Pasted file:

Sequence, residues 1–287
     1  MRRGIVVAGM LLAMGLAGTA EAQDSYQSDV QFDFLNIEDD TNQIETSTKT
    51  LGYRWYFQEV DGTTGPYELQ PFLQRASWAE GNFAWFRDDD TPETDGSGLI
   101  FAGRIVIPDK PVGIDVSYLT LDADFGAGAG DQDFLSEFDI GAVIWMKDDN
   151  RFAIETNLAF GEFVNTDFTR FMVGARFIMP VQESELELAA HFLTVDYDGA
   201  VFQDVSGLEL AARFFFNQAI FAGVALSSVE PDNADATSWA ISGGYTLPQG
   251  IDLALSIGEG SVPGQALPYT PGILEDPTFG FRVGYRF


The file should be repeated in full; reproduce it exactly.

Sequence, residues 1–287
     1  MRRGIVVAGM LLAMGLAGTA EAQDSYQSDV QFDFLNIEDD TNQIETSTKT
    51  LGYRWYFQEV DGTTGPYELQ PFLQRASWAE GNFAWFRDDD TPETDGSGLI
   101  FAGRIVIPDK PVGIDVSYLT LDADFGAGAG DQDFLSEFDI GAVIWMKDDN
   151  RFAIETNLAF GEFVNTDFTR FMVGARFIMP VQESELELAA HFLTVDYDGA
   201  VFQDVSGLEL AARFFFNQAI FAGVALSSVE PDNADATSWA ISGGYTLPQG
   251  IDLALSIGEG SVPGQALPYT PGILEDPTFG FRVGYRF